This week I'm going to focus on food waste. Upworthy highlighted a website called Shrink That Footprint the other day, and it's a really well done site with lots of good graphics, short and readable articles, and how-to videos. (If you don't know about Upworthy, you should sign up! Its goal is to send us some good news, since most news seems like it's bad.) Shrink That Footprint has a page called 5 Simple Ways to Save Food. I'm going to work on these this week.
- Americans waste about 12 pounds of food each week, totaling around $18
- Worldwide, we waste 1.3 billion tons of food (see graphic, where the trash can is the relative size it would be, in scale with those buildings)
I was about to launch into why it's important to not waste food, but I think that will have to wait for tomorrow because this post is going to be too long. So for now, here's a video that introduces the topic of food waste:
You can sign up for the YouTube channel and watch videos for all the tips in his 3 week program. He suggests weighing your food waste so you realize how much you waste, planning your perishables so you don't get more perishable food than you can eat at a time (including using a menu planner), perfecting your portions so you don't make more than you need, shuffling your storage in your fridge so you can see the food that's going to need to be eaten soonest, and dedicating a day each week to working on a creative meal where you use all the stuff in your fridge that's about to go bad.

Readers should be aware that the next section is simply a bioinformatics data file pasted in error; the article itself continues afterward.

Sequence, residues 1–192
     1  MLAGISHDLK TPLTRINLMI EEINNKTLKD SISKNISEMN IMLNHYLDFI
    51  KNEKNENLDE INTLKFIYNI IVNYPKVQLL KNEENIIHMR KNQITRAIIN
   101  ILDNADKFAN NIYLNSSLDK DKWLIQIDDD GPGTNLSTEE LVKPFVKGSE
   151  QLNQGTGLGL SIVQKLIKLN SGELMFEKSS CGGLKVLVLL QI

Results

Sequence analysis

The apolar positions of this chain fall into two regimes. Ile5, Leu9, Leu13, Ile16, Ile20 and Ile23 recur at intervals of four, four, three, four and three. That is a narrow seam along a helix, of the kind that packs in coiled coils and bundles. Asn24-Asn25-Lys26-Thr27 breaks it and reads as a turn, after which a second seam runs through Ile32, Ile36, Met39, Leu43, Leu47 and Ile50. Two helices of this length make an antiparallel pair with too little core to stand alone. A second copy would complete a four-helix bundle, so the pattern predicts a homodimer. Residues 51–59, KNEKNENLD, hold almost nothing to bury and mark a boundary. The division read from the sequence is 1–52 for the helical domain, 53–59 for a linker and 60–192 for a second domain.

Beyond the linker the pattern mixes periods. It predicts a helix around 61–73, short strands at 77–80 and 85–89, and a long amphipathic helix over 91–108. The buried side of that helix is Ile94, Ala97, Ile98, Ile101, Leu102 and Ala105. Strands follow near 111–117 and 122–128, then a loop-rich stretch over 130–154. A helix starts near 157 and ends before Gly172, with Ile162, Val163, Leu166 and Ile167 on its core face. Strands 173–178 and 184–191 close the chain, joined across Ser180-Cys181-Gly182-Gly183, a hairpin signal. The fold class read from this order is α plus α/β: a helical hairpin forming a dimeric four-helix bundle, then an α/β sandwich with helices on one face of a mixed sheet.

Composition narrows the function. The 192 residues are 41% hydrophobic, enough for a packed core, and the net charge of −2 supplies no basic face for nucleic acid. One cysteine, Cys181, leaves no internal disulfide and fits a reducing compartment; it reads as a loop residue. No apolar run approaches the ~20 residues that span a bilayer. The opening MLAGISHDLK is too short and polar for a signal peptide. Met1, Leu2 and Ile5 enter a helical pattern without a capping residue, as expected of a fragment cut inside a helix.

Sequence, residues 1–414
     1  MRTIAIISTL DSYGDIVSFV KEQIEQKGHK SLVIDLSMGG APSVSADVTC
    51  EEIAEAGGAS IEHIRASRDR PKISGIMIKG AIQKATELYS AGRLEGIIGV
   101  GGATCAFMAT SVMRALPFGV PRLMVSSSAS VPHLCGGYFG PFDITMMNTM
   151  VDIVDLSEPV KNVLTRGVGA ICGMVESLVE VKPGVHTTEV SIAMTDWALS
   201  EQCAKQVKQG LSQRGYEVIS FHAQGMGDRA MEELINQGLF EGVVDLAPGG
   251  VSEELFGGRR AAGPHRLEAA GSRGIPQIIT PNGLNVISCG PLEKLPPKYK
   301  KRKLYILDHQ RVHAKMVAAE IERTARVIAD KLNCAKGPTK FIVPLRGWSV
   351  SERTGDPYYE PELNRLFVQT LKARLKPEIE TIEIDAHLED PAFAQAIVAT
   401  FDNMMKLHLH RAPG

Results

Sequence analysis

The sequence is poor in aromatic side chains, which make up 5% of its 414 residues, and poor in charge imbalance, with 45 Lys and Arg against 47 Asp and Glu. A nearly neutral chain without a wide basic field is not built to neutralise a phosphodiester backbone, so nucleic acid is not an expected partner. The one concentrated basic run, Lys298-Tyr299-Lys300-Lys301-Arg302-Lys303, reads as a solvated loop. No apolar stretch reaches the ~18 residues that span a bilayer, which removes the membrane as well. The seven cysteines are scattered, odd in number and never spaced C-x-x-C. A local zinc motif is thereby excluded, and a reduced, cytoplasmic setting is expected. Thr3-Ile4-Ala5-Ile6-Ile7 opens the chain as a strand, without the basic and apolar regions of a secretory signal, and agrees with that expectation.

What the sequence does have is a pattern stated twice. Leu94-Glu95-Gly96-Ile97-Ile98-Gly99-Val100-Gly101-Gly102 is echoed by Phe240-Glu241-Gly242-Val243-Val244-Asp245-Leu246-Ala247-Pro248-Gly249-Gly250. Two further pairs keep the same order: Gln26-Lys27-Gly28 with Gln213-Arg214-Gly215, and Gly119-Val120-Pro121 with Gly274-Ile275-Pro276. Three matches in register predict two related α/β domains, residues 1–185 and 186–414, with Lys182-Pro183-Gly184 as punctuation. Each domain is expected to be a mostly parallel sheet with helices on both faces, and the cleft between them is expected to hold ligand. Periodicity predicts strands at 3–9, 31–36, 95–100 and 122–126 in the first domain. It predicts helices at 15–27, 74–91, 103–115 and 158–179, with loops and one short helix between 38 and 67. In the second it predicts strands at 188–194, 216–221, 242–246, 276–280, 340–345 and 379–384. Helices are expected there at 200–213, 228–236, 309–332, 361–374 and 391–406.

These are all really good tips, and I'd add a couple of my own: first, own chickens! When you own chickens, you can feed them a majority of your food scraps. (Well, it's a majority of our food scraps, anyway, because I'm a vegetarian so we don't have a lot of leftover meat. If you eat a lot of meat, I don't think that's probably good for the chickens.) The rest of our food scraps go into our compost pile. There are different kinds of compost: throw everything in a pile compost, hot compost, worm compost, and probably others. The best one is hot compost, because you don't have to worry about keeping worms alive. The one we currently use is the "throw everything in a pile" method, which is all well and good, but takes much longer than hot composting.